employment," but said "wide gaps"
still remain between men and women in
salaries and top jobs. Of 1,300 com-
plaints filed under Title IX between Oc-
tober 1979 and June 1981 by the
Education Department, which ad-
ministers the law, 37 percent involved
employment, the report said.
THE REPORT SAID pay raises for
women faculty members have lagged
behind men's, and women's earnings
relative to men's have dropped in
recent years.
The percent of women who were full
professors held steady between 1975
and 1981, and less than 1 percent of the
nation's 16,000 school superintendents
are women, the report said. Fourteen
percent of the principals were female in
1978, compared with 13 percent in 1974.
But the report also noted the number
See TITLE IX, Page 5

SEATTLE (AP)- Ghost-written term papers may
return to haunt college graduates under a consent
decree reached by the U.S. Postal Ser-vice and a Seat-
tle company that sells research and term papers.
Under the decree issued in federal court Friday,
the company agreed to tell college professors
nationwide the names of students who bought term
papers and research services from the firm.
THE SETTLEMENT raises the possibility of ac-
tion-anywhere from grade changes to revocation of
a graduate's degree for cheating-against students
who submitted "canned" term papers as original
work.
The decree, issued Friday by U.S. District Judge
John Voorhees, came after a Postal Service probe of
the company, Pacific Research.
The probe began after the son of Postal Service
lawyer Thomas Ziebarth saw a leaflet advertising the
term paper service on a bulletin board at Marquette
University in Milwaukee.
PACIFIC RESEARCH advertised in several cam-
pus newspapers offering "a solution at last to the
student's term paper problems."
Postal officials said they obtained copies of some of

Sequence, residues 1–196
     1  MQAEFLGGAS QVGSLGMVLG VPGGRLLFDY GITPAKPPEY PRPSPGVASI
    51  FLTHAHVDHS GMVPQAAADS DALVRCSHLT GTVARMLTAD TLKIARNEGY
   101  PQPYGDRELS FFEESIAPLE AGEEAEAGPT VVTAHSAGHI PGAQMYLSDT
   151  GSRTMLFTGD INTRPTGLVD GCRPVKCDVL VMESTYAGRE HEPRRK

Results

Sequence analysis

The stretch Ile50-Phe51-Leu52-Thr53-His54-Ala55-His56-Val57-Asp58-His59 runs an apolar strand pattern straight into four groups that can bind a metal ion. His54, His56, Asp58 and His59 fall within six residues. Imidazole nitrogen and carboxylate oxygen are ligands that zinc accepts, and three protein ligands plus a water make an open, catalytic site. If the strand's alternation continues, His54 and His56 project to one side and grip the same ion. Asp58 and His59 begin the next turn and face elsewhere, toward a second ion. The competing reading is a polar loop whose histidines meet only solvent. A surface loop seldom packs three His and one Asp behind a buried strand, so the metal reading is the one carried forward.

the 10,000 term papers Pacific Research supplies, in-

cluding a $27, 10-page paper entitled "Certifying
Juveniles for Adult Court" and a six-page custom-
researched job called "Laetrile: A Lethal
Quackery."
Postal Service officials' said the company "knows
or should know" that students use the papers to earn
academic credit. Agency lawyers said the operation
amounted to a scheme to mislead professors while
profiting Pacific Research.
STEPHEN NORD, acting vice president for
student affairs at the University of Washington, said
a student who hands in canned papers as original
work is "clearly cheating."
"I assume the dean could withdraw the credit or
change the grade with the consent of the professor in-
volved," Nord said.
He said the decree apparently would allow "any
curious professor or dean to simply look back in their
own departmental or test records to see if they
recognize any of those names" of students buying
Pacific Research papers.
Washington state in 1979 prohibited the sale of term
papers, theses or other work to students for
classroom use.

TITLE IX HAS given many more women oppor-
tunities in athletics since 1972, a report released
yesterday says.

TODAY
The Puzzle
ARE YOU A puzzle freak? Turn to page 5 and
try your hand at the ultimate challenge-The
Puzzle. Starting today, The Puzzle will be a
regular feature in each Sunday's Daily. If you
manage to complete today's challenge, send your answer to

today's column concerns landlords and security
This feature will appear periodically in the Daily.

deposits.

Back at the boss
A Minneapolis organization representing women on the
job believes it's time to honor bosses' acts of pettiness that
really go above and beyond the call of duty. To recognize
National Boss Day Friday, the group called Minnesota
Working Women announced the winners of their first an-
nual Pettiest Office Procedure Contest. The first place

Magic box
A lazy robber made some easy money by posting a sign
directing bank customers to make their deposits in a bogus
deposit box, Oceanside, Calif., police say. "We won't know
how much was lost until people realize their money wasn't
deposited," police spokesman Bill Krungelevich said
Friday. Krungelevich said the thief put a note on the outside
deposit machine at a First California Bank branch. The
note said, "The night deposit is out of order-please leave
your deposit in the box." Branch manager Bill Reedy said
two women who left their deposit cash in a "shabbily built

Continental Trailways, stole one of the firm's buses in Den-
ver and set out to drive it to Los Angeles. Clear Creek Coun-
ty Undersheriff David Graham said Jerry Fambro, 25, was
found sitting in the vehicle along a highway, calmly sipping
from a whiskey bottle. Fambro told authorities he was up-
set with Continental because the firm refused to replace a
lost ticket. Graham said when he arrested Fambro the
suspect was sitting in the driver's seat, holding "a bottle of
spirituous beverage-I thought it was Jack Daniels Black,
but I'm not sure." Fambro was arraigned last week on a
felony charge of aggravated motor vehicle theft. C